Now, I have an action plan. I have that figured out with lots of medical education, doctors orders and real experience.

I don’t always follow it. I miss days of my steroid inhaler sometimes. That usually comes back to bite me. I forget to restart my seasonal asthma/allergy medication when Spring comes (seriously, I just realized this now). My aerochamber (that I have had for an indeterminate period of time) has a crack in it (I will get a new one next time I see the doctor), so I confess, I haven’t been using it. And I also confess I never carry it with me.

So, if I, the doctor suck at managing my respiratory illness, I know that  most patients are probably kind of like me too. That being said, I think it is doable.

I mean, it is where your priorities are at…. Breathing is good. The problem is that when you feel good and a problem doesn’t flare that instant, you don’t always think (for instance, I would never skip my migraine prophylaxis because 1 or 2 missed doses and I am out for the count for a day).

What I am pointing out is that puffers are inconvenient. Moreso than taking a pill. If you have an aerochamber, they are bulky, need to be washed and don’t fit in a nice purse (especially if you are me and like to carry a book).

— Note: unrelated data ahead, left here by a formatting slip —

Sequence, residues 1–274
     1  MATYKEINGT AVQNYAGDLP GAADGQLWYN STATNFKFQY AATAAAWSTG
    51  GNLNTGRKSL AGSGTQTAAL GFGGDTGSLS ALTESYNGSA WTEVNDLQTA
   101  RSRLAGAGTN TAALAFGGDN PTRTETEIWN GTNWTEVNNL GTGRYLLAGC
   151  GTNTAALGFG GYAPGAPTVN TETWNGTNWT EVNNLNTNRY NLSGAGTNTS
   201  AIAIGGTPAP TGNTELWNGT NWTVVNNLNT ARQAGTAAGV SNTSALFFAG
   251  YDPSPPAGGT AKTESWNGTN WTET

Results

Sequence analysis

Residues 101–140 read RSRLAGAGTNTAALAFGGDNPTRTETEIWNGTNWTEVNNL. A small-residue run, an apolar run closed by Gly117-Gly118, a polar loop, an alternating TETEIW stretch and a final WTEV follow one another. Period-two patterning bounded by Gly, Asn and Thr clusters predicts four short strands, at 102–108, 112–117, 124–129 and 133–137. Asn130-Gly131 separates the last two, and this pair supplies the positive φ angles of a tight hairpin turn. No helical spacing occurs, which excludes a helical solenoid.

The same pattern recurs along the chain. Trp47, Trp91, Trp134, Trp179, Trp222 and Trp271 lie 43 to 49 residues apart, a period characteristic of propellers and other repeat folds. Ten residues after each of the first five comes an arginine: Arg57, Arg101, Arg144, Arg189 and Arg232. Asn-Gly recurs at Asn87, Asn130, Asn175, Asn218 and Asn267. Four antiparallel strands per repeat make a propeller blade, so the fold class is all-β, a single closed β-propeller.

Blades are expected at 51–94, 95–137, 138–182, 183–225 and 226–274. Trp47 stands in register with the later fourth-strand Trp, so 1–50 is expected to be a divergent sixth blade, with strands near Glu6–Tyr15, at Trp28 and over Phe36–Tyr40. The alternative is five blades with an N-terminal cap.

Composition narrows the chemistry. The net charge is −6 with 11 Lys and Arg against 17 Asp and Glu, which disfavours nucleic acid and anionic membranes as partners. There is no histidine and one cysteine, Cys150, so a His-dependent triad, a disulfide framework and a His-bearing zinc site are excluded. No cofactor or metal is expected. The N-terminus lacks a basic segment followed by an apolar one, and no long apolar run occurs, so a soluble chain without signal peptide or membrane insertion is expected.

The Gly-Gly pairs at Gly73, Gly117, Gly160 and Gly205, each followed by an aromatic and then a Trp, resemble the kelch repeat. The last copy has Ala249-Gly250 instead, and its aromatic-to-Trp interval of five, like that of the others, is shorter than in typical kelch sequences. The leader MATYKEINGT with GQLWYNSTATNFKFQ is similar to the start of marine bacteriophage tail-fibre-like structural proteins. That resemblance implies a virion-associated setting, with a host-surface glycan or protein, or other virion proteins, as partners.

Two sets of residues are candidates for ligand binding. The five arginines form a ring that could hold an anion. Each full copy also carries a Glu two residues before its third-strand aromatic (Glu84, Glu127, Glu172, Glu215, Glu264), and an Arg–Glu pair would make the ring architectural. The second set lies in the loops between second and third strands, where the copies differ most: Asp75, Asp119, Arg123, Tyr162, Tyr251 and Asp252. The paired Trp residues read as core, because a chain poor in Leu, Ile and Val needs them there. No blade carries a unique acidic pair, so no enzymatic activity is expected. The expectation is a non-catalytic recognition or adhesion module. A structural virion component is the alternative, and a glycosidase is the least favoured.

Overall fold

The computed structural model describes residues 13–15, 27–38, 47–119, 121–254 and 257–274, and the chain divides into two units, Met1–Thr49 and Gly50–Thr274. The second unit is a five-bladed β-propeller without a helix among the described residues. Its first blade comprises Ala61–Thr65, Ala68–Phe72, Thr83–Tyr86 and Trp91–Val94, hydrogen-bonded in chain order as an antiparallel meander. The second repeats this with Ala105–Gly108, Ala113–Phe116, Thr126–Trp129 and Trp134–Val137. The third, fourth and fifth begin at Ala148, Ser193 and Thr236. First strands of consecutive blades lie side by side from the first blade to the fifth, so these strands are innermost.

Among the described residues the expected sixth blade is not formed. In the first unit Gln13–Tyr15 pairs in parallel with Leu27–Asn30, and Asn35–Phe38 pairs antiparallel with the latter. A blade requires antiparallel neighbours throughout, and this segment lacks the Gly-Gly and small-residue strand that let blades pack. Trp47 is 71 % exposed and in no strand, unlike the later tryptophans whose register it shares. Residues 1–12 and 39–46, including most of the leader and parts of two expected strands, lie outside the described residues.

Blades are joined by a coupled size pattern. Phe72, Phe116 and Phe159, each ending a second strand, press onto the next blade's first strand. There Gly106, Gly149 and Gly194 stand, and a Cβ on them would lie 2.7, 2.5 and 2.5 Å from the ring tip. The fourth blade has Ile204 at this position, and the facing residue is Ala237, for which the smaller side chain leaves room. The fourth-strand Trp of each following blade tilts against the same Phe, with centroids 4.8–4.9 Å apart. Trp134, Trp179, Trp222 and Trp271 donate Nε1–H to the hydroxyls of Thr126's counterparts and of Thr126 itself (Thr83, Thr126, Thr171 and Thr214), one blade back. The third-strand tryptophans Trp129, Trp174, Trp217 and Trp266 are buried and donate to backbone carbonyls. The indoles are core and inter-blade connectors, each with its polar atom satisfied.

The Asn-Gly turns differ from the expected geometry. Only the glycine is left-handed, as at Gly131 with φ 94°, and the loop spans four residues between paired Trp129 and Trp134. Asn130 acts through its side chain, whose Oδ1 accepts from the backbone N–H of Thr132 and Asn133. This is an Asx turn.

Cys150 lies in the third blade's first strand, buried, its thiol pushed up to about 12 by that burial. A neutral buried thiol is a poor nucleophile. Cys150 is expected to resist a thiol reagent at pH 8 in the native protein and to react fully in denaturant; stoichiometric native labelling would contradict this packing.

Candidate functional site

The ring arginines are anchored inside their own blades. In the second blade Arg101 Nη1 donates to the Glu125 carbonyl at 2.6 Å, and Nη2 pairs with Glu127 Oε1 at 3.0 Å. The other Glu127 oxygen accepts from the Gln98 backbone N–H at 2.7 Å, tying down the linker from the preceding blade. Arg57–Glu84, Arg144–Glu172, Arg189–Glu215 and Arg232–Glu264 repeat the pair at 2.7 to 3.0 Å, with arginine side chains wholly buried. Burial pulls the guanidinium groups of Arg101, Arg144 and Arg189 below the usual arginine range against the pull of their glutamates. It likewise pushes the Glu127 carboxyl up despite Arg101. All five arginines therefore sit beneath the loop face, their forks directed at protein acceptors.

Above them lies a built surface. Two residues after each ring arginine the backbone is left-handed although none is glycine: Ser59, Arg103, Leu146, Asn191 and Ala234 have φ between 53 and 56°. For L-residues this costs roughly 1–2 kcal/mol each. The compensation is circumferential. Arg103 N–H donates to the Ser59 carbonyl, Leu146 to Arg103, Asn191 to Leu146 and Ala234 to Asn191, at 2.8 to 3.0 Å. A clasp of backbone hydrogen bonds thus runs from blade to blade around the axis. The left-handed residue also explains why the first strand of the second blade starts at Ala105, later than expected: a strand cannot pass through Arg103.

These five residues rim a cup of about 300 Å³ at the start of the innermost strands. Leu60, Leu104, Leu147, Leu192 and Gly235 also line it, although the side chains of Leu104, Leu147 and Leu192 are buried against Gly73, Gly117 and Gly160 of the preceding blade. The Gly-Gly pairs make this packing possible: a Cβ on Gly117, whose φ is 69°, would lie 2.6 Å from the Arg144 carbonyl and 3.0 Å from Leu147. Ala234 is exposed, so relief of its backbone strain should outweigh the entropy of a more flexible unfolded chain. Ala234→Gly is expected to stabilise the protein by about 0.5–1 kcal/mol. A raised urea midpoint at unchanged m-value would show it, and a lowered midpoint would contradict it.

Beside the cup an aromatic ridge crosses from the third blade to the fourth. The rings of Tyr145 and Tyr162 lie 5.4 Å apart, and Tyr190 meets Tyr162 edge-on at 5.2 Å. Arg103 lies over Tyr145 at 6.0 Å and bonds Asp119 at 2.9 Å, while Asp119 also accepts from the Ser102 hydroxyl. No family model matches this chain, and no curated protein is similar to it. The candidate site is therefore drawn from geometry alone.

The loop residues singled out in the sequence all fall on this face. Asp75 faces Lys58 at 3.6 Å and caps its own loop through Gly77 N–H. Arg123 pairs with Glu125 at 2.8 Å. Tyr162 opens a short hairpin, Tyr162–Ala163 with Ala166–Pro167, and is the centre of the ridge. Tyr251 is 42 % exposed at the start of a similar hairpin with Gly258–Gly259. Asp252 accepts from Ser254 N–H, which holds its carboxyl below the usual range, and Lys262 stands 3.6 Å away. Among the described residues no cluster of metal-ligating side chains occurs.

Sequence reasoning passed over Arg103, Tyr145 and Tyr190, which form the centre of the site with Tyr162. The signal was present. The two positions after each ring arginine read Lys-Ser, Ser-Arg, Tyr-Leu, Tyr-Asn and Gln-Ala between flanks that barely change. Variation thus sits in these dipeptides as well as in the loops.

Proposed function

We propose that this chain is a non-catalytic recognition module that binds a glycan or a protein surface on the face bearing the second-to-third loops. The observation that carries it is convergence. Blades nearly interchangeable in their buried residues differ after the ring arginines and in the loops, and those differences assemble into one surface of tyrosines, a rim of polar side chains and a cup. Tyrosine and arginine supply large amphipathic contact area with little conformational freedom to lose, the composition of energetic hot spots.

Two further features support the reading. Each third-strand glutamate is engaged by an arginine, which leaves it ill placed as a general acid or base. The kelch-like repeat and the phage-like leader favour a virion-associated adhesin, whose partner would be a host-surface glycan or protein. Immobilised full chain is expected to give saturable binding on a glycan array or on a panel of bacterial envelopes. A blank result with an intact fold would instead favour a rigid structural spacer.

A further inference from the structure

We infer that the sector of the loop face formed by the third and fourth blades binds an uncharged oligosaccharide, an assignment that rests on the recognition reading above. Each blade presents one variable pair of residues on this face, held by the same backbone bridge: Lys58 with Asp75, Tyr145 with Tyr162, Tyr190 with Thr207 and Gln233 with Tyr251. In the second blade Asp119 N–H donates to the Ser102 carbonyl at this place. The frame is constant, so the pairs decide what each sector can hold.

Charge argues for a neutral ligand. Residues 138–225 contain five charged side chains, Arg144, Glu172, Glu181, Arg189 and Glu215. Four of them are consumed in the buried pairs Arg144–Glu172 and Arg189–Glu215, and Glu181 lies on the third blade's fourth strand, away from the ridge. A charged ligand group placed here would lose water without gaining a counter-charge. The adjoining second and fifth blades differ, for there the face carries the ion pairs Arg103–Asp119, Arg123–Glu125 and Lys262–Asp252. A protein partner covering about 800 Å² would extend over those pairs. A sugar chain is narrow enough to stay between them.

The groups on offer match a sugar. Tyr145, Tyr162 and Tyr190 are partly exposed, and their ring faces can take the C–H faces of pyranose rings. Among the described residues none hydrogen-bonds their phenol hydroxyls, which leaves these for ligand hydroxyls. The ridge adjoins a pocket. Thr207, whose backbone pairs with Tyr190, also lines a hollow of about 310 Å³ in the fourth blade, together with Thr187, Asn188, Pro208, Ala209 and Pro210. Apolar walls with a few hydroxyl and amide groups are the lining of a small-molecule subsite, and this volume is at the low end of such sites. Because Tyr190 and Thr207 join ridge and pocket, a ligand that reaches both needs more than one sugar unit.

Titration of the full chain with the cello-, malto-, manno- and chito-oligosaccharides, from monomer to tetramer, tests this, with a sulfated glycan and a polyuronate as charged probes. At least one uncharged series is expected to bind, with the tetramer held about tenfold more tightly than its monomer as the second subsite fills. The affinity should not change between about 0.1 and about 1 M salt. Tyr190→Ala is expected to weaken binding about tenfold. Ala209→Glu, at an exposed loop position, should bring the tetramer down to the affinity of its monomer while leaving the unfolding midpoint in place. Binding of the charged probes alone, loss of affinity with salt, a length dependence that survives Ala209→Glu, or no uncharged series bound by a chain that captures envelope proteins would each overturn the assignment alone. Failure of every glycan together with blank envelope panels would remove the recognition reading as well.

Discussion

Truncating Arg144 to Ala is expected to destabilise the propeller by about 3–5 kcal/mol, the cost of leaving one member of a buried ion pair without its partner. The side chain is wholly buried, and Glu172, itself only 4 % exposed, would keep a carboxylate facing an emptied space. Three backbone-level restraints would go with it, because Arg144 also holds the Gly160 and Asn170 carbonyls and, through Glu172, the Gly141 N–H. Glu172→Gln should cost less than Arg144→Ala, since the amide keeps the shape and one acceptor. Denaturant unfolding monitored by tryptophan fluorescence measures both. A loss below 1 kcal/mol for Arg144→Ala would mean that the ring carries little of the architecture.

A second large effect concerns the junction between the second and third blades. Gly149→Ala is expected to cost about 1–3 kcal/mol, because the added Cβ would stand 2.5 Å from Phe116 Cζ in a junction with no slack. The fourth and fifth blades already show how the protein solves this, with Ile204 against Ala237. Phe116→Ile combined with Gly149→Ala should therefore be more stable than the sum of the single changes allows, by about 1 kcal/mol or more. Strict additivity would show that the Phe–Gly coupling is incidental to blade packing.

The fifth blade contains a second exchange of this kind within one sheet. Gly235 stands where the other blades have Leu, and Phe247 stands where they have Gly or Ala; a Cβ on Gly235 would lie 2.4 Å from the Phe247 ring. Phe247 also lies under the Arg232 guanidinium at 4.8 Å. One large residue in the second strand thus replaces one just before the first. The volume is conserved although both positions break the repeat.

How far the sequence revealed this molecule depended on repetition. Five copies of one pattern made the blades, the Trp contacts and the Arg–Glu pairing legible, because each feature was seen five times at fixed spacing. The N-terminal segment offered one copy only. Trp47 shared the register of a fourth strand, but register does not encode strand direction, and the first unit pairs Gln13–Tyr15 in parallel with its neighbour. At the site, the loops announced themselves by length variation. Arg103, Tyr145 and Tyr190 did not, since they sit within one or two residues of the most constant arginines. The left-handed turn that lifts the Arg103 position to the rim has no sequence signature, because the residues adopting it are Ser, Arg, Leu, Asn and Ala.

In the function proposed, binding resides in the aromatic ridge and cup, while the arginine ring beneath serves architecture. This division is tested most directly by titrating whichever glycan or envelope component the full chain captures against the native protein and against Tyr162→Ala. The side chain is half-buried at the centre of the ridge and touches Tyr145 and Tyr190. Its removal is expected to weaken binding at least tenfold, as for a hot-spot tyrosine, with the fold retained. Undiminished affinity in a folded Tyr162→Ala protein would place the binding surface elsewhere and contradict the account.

The directions for puffers are variable. Often, I see people who don’t understand why their directions are different from the ones on the bottle and different from their friend. They get mixed up. People don’t understand that one is to keep you well long term and another is for emergencies only.

And don’t even get me started on proper use.

One of the docs I work with said that he suspects 75% of people prescribed puffers don’t use them properly. Mind you probably 20 or 25% of those people don’t use them properly because they don’t actually need them (that is a rant for another day). I’d believe it.

Today, I saw someone grab their puffer from their bedside table and try to use it without the aerochamber with me, the resident working for the lung specialists, standing right there!

I put it together and showed her how it worked. She had never seen it used that way before. Mind you, it had a mask because this person had such bad respiratory distress taking a single deep breath and holding for 10 seconds was out of the question. But, until then, that is what the person tried to do, but couldn’t do.

Image from asthma.ca

That is why I ask how you use your puffers.

Because I don’t always do it right, but I want you to do it right. I like it when people show me up and do everything to a tea and rattle off the proper timing and dosing. But, when you don’t know, I show you.

You can’t get better if you don’t get appropriate drug.

That message is as much for me as it is the other millions of people with respiratory disease.

But seriously, if you would up here looking for advice on how to take your puffer… GO SEE YOUR DOCTOR!

14 thoughts on “Puffing